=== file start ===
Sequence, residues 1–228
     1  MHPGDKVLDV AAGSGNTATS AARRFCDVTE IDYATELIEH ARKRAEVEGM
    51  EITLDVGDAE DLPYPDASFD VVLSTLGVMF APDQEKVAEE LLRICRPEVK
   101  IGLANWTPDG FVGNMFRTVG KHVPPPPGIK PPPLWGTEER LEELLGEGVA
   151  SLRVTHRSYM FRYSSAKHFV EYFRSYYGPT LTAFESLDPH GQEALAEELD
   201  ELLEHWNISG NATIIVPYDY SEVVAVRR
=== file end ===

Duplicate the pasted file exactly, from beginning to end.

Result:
Sequence, residues 1–228
     1  MHPGDKVLDV AAGSGNTATS AARRFCDVTE IDYATELIEH ARKRAEVEGM
    51  EITLDVGDAE DLPYPDASFD VVLSTLGVMF APDQEKVAEE LLRICRPEVK
   101  IGLANWTPDG FVGNMFRTVG KHVPPPPGIK PPPLWGTEER LEELLGEGVA
   151  SLRVTHRSYM FRYSSAKHFV EYFRSYYGPT LTAFESLDPH GQEALAEELD
   201  ELLEHWNISG NATIIVPYDY SEVVAVRR